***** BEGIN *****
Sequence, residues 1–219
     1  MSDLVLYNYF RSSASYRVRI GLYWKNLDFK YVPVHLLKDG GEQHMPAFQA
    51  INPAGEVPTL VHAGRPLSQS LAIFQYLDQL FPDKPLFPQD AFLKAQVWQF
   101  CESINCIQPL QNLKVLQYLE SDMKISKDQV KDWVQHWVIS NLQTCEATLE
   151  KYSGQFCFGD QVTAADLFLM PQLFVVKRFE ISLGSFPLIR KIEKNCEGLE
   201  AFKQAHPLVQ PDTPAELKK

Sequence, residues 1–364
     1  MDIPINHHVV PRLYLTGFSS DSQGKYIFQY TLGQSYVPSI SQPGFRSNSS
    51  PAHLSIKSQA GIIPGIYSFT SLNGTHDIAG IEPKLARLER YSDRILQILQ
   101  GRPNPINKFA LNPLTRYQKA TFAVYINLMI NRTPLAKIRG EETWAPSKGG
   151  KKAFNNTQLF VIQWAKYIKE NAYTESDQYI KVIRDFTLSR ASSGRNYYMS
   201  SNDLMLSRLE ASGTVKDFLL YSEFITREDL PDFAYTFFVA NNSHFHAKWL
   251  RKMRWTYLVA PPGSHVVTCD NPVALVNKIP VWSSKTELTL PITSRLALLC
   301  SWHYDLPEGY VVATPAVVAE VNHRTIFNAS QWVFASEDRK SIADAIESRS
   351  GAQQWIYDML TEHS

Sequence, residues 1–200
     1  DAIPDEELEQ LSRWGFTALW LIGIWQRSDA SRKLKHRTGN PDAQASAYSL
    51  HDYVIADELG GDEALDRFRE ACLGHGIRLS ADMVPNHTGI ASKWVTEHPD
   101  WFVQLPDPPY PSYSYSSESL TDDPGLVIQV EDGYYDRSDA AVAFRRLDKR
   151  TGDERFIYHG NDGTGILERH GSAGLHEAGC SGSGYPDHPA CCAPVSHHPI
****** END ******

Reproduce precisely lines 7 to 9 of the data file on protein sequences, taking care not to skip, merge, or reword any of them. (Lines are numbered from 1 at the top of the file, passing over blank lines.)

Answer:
Sequence, residues 1–364
     1  MDIPINHHVV PRLYLTGFSS DSQGKYIFQY TLGQSYVPSI SQPGFRSNSS
    51  PAHLSIKSQA GIIPGIYSFT SLNGTHDIAG IEPKLARLER YSDRILQILQ